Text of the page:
Now, this is not to say it is impossible to still regurgitate, but the incidence of both low-likelihood of regurgitation and no lucrative money-making mechanism (using only Twitter, at least) makes it much less likely than you would find in blogs, or 'the News' outlets themselves. The fact that 'the News' outlets have Twitter accounts should show you just how little they actually report if you read them. They're regurgitating reports from all the little people.

With tools like Twitter, Friendfeed, what have you, we little people are the real News source now. We have always been, but it wasn't possible to actually facilitate it until now. We shouldn't have to listen to 'the News'. We don't have to. If we all become original reporters, we won't deal with 'the News' except for entertainment and maybe summary. Investigative journalism might be dead, but with this it will only be dead in body. Its spirit lives on in every cellphone video of a police line, every uploaded twitpic of a bloodied face, a shocked expression, a roaring crowd. It will live on in us all.

And maybe, just maybe, we'll get to the Truth.

Friday, April 17, 2009

Screaming Dry

There is nothing more enjoyable than feeling my voice fail me. That feeling of grinding, throaty, guttural excellence-- that sound of exhaustion beyond simple over-exercise and bordering on the self-destructive-- that is what I live for. It's why I like going to concerts. I would have a brilliant but short-lived life as a musician. One can only hope that I'd burn brighter than the flame of Prometheus himself. I want to do something worth getting my liver eaten out by a large, ornery bird every day for the rest of eternity.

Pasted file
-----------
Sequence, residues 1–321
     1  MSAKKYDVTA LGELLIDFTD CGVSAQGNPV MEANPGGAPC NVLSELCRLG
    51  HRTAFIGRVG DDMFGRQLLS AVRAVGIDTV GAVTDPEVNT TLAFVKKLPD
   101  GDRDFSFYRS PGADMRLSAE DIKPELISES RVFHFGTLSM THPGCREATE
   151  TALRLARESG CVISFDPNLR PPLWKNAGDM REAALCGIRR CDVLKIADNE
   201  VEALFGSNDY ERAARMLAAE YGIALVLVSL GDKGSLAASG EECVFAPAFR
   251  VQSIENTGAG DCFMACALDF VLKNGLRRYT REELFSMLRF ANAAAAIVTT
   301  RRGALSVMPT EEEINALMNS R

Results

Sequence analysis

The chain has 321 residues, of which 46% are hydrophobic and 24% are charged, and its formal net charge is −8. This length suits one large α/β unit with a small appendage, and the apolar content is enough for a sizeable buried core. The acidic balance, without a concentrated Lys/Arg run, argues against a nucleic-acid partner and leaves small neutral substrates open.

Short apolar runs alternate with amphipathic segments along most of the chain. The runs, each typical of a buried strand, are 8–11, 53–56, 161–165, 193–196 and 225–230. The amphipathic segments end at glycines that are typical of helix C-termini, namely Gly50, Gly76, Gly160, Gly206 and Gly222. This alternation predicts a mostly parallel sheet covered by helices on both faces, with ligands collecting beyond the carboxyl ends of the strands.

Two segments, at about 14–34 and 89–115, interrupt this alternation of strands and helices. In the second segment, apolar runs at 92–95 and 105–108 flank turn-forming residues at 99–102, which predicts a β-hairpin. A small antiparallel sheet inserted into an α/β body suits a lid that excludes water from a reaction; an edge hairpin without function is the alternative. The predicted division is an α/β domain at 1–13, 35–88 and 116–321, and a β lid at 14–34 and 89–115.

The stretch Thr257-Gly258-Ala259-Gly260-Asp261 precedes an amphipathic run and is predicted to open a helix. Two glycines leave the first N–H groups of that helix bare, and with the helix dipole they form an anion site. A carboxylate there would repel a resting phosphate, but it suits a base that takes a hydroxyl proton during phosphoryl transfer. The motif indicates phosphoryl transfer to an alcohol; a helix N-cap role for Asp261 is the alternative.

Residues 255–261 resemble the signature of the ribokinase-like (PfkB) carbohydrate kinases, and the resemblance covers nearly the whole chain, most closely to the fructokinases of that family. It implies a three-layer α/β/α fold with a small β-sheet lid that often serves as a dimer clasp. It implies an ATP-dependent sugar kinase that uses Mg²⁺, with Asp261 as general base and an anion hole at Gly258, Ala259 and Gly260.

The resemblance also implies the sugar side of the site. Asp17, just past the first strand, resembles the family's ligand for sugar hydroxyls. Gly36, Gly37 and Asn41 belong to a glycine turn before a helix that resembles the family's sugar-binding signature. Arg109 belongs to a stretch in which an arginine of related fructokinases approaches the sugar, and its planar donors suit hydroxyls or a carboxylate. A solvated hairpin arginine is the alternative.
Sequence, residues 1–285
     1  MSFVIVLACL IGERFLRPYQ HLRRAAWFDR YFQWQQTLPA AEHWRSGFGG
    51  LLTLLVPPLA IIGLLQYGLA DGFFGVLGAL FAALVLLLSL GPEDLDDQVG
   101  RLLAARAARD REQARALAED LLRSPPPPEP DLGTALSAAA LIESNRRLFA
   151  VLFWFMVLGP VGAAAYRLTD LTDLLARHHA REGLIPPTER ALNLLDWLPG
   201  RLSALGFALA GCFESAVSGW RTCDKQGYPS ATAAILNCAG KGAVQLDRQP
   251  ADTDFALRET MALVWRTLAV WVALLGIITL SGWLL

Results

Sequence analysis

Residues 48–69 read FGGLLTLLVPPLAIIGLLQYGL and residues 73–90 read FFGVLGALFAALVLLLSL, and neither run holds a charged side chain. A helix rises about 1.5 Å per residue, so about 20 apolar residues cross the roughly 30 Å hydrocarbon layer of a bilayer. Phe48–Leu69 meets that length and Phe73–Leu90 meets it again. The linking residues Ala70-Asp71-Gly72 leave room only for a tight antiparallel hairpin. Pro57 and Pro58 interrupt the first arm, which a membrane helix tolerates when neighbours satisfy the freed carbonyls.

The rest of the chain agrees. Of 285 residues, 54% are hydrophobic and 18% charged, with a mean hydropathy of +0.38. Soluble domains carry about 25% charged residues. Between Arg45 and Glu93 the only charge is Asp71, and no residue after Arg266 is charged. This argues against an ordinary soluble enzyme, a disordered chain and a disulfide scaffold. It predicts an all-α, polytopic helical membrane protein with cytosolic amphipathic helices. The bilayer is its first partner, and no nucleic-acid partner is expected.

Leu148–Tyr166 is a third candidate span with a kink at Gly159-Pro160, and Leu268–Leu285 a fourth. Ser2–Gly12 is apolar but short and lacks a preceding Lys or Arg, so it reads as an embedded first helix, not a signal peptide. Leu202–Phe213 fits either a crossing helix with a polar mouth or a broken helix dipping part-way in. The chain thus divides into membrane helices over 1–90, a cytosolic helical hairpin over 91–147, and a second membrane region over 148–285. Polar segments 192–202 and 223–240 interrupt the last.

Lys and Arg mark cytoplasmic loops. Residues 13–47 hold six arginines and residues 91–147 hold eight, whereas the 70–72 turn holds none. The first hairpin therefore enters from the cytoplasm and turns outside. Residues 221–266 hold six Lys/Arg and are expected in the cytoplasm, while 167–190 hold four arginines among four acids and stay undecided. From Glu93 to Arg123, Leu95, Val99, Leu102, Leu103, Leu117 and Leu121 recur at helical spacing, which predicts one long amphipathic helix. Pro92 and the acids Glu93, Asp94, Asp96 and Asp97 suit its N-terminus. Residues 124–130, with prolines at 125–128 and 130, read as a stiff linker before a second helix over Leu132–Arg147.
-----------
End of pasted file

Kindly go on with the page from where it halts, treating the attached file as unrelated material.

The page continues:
Ah, Raist. How well I knew ye.

The sound of screaming you hear at concerts is amazing. It's pure adrenaline, and perhaps one of the best highs you can get. It's the mass of people around you, the heartbeat of music and unity and crazed idiotic fury. You feel it in your chest (most likely because, unless you're one of those shoegaze bastards, you're screaming too) and you hear it later and you pay for it. That's what I like most about it. It's not substance abuse, it's not the thrill of danger. It's not dishonest. It's just the pure, primal kind of fun you can find usually only in forgotten jungle dens and rugby matches.

In an abandoned barn out in typical Bumfuck Egypt territory, where the band had just set up after fighting over what to name themselves a few minutes before the gig itself, I found myself amongst a seething crowd of voices. For some reason, I knew we'd all heard the bands songs. Turns out, I was right. We knew 'em by heart, maybe because they had lyrics that existed on some level in us all... or maybe because each one of us had been listening to them on repeat for months ever since the concert had been announced.